Stress-Relief Strategies from Neighborhood Barre Owner Kelly Phillips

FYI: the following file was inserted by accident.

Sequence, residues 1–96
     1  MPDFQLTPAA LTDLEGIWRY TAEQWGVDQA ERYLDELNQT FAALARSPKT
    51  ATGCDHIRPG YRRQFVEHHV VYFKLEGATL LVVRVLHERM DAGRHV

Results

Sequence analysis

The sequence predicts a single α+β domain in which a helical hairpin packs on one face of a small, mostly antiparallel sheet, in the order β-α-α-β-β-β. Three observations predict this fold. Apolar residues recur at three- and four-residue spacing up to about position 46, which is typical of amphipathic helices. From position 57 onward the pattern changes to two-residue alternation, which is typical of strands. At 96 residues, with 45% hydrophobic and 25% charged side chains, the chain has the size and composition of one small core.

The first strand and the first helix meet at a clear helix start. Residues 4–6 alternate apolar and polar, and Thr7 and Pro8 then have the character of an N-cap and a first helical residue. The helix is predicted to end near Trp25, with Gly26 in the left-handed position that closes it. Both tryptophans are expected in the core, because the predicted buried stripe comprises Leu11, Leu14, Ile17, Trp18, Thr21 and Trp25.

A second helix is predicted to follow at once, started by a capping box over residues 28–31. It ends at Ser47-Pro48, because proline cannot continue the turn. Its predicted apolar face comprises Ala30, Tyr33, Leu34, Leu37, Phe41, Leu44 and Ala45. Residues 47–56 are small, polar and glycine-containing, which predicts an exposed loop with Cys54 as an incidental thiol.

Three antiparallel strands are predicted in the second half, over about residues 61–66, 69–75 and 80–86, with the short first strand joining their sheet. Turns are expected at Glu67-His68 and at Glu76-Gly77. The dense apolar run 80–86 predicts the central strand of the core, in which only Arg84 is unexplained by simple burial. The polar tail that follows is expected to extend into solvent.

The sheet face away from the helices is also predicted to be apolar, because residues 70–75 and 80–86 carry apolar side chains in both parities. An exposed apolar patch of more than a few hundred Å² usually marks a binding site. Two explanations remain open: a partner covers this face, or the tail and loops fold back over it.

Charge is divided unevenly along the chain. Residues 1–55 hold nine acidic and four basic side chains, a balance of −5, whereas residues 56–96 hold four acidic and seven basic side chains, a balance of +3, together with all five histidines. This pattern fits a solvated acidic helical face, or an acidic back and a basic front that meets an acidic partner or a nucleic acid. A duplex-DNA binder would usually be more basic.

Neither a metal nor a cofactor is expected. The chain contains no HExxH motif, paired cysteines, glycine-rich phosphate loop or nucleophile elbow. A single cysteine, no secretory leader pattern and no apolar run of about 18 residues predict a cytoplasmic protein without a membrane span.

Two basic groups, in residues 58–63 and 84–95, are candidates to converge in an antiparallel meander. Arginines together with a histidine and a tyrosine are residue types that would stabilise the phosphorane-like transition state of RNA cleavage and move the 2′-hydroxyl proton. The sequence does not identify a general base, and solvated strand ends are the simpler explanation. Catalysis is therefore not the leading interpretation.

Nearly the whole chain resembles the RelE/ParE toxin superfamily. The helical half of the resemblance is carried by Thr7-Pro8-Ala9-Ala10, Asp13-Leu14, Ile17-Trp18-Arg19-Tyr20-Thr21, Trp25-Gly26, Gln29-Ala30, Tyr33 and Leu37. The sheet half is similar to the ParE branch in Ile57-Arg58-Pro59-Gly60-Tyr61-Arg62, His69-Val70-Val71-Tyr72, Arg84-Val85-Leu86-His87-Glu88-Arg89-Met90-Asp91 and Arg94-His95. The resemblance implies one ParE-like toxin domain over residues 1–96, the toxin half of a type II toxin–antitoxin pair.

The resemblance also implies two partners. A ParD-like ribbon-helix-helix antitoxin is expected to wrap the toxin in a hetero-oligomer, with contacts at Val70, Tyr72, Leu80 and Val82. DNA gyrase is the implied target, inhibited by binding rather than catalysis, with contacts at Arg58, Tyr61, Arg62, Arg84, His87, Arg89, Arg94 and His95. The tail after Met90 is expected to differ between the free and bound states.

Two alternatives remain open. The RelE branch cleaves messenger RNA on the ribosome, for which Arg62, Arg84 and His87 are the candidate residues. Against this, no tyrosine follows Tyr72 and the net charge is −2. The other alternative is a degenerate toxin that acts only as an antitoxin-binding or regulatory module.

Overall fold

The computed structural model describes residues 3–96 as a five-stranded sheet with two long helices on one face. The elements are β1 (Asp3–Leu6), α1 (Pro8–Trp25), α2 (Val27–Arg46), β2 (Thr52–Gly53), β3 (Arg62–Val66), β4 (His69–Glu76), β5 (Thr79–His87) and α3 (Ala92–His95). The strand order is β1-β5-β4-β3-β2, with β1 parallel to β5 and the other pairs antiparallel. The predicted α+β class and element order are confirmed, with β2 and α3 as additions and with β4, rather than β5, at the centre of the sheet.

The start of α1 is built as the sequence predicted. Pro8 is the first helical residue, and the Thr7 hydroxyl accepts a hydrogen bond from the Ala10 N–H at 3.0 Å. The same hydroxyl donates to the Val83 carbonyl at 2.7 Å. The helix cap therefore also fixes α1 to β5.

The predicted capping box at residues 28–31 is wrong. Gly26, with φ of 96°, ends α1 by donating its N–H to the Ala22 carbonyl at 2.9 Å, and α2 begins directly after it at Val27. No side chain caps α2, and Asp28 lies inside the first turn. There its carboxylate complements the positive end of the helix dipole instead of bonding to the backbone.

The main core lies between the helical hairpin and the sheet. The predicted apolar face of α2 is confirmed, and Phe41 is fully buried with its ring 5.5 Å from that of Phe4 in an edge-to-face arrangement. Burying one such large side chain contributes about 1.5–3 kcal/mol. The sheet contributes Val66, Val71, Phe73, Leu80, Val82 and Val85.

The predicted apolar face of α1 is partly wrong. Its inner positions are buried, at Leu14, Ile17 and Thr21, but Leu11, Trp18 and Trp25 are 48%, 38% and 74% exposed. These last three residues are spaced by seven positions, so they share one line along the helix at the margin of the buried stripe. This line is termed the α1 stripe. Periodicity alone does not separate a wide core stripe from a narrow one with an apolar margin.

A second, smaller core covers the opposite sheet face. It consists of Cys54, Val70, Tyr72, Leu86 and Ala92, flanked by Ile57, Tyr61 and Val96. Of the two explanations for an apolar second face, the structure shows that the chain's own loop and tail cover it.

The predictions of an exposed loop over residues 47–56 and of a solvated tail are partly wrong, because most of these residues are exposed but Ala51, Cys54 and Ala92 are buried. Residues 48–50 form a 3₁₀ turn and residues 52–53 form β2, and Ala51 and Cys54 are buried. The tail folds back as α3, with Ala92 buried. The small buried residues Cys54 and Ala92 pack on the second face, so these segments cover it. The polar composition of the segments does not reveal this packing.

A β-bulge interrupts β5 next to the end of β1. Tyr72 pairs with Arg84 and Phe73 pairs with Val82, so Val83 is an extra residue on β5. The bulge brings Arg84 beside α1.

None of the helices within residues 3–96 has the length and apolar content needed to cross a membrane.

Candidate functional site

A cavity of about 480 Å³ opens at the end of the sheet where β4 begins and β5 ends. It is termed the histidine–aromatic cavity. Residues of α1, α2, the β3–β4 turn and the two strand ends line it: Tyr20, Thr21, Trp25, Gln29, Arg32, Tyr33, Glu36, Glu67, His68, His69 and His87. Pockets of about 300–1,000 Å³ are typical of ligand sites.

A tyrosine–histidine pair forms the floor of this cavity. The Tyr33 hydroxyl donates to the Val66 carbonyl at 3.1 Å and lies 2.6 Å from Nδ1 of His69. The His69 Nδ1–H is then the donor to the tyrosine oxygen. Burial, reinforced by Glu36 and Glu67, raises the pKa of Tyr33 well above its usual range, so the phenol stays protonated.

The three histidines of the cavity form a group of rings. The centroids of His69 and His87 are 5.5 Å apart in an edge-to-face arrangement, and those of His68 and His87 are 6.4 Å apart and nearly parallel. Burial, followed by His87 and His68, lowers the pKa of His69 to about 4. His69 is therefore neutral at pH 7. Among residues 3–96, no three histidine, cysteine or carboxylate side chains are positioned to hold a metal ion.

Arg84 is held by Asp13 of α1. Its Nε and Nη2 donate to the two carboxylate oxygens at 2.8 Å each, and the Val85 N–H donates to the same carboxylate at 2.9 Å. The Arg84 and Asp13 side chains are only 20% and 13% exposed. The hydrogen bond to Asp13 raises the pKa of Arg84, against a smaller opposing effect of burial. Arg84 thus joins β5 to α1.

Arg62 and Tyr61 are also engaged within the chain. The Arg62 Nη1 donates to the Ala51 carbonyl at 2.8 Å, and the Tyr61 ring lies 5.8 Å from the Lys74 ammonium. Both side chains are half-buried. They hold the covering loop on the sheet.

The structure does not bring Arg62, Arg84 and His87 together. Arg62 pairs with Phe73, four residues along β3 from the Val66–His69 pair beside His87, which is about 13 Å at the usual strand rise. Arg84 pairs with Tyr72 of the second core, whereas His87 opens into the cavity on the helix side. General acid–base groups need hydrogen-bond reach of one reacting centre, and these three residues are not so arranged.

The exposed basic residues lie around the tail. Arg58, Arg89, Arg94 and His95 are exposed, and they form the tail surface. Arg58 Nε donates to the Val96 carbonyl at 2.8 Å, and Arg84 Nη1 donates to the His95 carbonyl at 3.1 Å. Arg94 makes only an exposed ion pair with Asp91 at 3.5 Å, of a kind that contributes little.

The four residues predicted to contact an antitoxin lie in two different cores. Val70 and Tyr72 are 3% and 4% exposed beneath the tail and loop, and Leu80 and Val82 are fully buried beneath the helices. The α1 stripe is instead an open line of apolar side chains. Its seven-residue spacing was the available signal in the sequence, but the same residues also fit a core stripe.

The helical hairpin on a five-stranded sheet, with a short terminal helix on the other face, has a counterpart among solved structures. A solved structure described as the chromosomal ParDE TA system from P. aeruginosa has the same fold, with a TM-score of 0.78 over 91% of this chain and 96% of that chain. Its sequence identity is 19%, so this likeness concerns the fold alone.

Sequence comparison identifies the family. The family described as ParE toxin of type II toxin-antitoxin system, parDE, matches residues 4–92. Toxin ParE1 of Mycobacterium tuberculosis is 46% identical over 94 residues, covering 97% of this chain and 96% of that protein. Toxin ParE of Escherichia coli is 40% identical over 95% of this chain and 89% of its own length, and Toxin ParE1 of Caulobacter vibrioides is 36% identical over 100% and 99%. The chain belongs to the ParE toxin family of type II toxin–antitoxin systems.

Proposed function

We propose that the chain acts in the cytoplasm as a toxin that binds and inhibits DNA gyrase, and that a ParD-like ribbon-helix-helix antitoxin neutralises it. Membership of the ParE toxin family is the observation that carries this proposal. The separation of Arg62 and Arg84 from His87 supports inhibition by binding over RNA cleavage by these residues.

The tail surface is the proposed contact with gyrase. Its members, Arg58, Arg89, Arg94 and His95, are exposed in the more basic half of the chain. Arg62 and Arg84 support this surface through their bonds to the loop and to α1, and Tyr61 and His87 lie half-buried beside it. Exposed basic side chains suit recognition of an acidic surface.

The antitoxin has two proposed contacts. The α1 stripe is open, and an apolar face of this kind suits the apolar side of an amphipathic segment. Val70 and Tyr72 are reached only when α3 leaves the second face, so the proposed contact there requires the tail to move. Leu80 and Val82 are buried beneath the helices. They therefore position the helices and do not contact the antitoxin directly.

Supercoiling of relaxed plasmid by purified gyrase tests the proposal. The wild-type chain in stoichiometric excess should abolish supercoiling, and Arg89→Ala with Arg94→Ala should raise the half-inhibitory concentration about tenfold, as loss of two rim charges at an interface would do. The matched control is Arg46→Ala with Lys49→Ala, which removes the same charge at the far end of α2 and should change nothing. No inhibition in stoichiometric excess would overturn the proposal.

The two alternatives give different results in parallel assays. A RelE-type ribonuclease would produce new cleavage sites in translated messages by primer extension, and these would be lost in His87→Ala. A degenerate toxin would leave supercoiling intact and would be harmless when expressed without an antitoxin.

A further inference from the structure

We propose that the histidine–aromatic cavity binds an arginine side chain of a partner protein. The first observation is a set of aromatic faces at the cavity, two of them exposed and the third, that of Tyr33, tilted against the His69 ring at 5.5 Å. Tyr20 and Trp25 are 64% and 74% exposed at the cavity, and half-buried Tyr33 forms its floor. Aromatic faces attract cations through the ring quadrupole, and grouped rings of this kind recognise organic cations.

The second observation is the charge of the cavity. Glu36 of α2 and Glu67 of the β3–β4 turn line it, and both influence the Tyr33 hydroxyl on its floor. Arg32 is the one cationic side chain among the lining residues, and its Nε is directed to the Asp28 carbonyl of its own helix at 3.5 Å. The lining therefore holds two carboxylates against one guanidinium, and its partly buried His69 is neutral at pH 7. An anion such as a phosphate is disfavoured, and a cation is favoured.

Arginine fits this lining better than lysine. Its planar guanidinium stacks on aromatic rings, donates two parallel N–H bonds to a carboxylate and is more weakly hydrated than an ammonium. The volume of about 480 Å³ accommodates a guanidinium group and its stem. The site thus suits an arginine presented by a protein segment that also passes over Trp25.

Written by Kelly Phillips, owner of Neighborhood Barre (located in Brentwood + Green Hills) Is your stress level at an all-time high? In a society where we want to do it all and have it all, we can end up being physically exhausted from the non-stop going, and emotionally drained from not always living up to our unrealistic self-standards. When striving for a healthy balanced life, stress can be an overlooked area we need to work on.    We know that stress left unchecked can contribute to health problems, such as high blood pressure, heart disease, obesity, and diabetes, as well as a negative impact on our thoughts, feelings and behavior. Nevertheless, living a low-stress life is challenging - especially in our extremely fast-paced society.  Ready for some stress relief? Try incorporating a few of these tips from American Psychological Association to reduce your stress. You may find immediate gratification - plus, maintaining consistency will help build-long term results. Take a break from the stressor. It may seem difficult to get away from a big work project, a crying baby, or a growing credit card bill, but when you give yourself permission to step away from it and you let yourself have time to do something else, it can help you gain a new perspective or find the opportunity to practice recommended techniques to feel less overwhelmed. While it’s important to not avoid your stress (those bills have to be paid sometime), even just 20 minutes to take care of yourself can be helpful. Exercise. The research keeps growing: exercise benefits your mind just as much as your body. We keep hearing about the long-term benefits of a regular exercise routine, but even a 20 minute walk, run, or a group fitness class in the midst of a stressful time can give an immediate effect that can last for several hours. Smile and laugh. Our brains are interconnected with our emotions and facial expressions. When people are stressed, they often hold a lot of the stress in their face. Laughs or smiles can help relieve some of that tension and improve your mood! Get social support. Call a friend or send an email! When you share your concerns or feelings with another person, it helps relieve stress. However, it’s important that the person whom you talk to is someone that you trust and you feel can understand and validate you. If your family is a stressor, for example, it may not alleviate your stress if you share your work woes with one of them. Our studio mantra is "small moves will lead to real results." Life should be modifiable and every day may look different. Maybe today is a Netflix and chill day to take a break and smile and laugh. Maybe tomorrow is hitting up a Neighborhood Barre class and meeting a friend for coffee to vent. Take a deep breath, and choose to take one small step today to slow down and smile more ☺

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